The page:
Fri, 01 Mar 2024 - 16:44

News Media Bargaining Code

The announcement by Facebook’s parent company Meta that it does not intend to renew agreements made under the News Media Bargaining Code is a demonstration of its disregard for the laws of Australia.

It should not however be surprising to anyone who has observed Meta’s prior conduct – including of course its notorious action on 18 February 2021 to take off the air the Facebook pages of many Australian news media businesses. 

Meta took that step to try to force the then Liberal National Government into backing down from our stated policy intention of introducing the News Media Bargaining Code.

The rationale for the Code was to deal with a competition policy problem.  Because of its market power, Facebook was able to take content generated and paid for by Australian news media businesses – such as a two minute clip from National Nine News, or a story in the Herald Sun – to attract audiences, and to generate advertising revenue from those audiences, without paying for that content. 

Facebook’s attempt to make us back down did not succeed.  We legislated the Code in early 2021 and it had the desired effect.  Between February 2021 and February 2022 Meta entered into commercial deals with some 11 Australian news media businesses (and Google with 19.) According to independent estimates, some $200 million will flow to Australian news media businesses under deals entered into by Meta and Google.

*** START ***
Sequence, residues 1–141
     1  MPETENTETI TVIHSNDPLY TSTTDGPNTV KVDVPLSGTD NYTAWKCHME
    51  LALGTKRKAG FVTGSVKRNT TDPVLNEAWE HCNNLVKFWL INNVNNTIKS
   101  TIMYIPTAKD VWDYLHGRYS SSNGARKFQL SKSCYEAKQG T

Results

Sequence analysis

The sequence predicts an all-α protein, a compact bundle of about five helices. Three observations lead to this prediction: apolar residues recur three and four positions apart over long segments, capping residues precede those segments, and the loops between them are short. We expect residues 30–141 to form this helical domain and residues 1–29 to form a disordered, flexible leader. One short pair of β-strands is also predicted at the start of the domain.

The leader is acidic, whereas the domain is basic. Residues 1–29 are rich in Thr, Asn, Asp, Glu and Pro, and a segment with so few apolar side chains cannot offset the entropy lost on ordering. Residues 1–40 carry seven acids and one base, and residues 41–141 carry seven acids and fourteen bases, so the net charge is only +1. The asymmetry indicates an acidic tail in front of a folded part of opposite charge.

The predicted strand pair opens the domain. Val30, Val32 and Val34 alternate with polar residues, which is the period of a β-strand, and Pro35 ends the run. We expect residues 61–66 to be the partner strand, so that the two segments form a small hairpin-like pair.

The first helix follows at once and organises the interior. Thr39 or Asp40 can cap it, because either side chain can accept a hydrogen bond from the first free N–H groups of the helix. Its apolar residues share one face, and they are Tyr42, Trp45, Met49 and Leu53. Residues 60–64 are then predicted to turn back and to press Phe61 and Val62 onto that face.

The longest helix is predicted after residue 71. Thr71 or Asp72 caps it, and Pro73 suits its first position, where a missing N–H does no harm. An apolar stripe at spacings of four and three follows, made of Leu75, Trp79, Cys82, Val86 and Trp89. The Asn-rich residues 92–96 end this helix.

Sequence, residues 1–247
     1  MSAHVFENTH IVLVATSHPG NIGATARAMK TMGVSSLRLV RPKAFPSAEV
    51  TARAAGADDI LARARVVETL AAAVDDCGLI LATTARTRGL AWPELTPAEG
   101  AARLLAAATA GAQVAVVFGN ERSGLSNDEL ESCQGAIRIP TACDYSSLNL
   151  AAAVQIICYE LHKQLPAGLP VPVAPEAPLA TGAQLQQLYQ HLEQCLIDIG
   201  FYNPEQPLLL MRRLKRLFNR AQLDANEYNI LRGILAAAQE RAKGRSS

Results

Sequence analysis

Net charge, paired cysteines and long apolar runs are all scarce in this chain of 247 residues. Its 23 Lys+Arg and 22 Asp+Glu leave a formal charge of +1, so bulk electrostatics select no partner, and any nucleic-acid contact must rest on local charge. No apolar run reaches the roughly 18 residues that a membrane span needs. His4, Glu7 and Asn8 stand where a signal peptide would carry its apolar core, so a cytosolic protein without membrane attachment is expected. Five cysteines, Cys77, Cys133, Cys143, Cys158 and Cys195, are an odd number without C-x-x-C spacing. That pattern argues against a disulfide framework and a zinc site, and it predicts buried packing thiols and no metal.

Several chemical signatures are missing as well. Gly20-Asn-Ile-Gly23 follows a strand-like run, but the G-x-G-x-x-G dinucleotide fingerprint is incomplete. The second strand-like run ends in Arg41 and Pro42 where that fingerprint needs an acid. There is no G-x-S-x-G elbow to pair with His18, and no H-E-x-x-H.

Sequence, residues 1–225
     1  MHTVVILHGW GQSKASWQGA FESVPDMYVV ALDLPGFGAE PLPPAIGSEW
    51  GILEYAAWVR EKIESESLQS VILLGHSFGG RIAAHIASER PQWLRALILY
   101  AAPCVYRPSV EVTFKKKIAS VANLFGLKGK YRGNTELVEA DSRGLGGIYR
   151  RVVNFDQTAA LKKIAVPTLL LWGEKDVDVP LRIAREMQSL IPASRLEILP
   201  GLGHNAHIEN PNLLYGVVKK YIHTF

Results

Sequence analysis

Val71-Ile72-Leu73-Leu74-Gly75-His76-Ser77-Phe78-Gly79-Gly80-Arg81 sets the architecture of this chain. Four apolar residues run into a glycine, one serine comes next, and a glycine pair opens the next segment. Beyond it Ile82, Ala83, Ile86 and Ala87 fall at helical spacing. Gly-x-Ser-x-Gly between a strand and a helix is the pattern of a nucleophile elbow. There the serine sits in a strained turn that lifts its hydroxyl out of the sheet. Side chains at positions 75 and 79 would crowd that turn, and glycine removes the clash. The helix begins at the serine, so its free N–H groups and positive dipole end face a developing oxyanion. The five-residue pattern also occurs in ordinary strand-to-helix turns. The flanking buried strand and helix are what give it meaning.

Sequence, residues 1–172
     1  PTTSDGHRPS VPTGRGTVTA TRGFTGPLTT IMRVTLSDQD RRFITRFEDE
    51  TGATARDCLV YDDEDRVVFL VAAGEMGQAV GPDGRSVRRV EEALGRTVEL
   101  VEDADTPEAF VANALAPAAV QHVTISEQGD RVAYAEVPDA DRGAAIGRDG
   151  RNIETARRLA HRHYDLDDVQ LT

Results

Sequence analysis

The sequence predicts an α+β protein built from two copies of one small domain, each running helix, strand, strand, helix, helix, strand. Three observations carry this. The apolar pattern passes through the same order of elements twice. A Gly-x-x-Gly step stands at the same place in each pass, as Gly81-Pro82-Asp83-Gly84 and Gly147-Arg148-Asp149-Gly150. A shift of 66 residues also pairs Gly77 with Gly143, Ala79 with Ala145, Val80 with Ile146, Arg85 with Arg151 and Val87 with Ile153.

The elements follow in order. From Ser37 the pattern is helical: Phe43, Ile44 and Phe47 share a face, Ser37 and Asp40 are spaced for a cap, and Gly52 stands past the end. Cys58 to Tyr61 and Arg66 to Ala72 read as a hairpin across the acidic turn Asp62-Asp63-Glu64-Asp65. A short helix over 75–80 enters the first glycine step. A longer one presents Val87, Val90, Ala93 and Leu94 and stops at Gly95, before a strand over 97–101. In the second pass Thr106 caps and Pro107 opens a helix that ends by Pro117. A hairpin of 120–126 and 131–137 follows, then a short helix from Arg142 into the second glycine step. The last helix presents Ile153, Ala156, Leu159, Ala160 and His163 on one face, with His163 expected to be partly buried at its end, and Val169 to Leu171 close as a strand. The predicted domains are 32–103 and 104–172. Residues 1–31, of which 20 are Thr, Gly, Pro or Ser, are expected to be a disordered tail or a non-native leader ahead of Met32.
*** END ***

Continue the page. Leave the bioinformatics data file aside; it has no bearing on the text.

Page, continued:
The News Media Bargaining Code was a successful policy intervention to support journalism and a diverse news media sector in Australia.  Many other countries had tried to stand up to Facebook, without success. 

As Communications Minister at the time, I worked with then Treasurer Josh Frydenberg and then Prime Minister Scott Morrison to achieve this outcome.

The re-emergence of this issue is a significant test for the Albanese Government.  The Morrison Government took care to design a Code which gives the Australian Government the necessary power to deal with this issue.  The proof of its effectiveness is in the substantial deals done once it was legislated.

It is now up to the current Government to use those powers.  For example, under the Code the Treasurer of the day has the power to ‘designate’ Meta – and once it is designated Meta can be required to participate in compulsory arbitration with registered news media businesses. 

It is troubling, though, that the Albanese Government appears to have been caught by surprise by this announcement – despite similar announcements in the UK, France and Germany in September last year.

I hope that the current Government will show the same resolve in staring down the digital platforms that the previous Government successfully showed.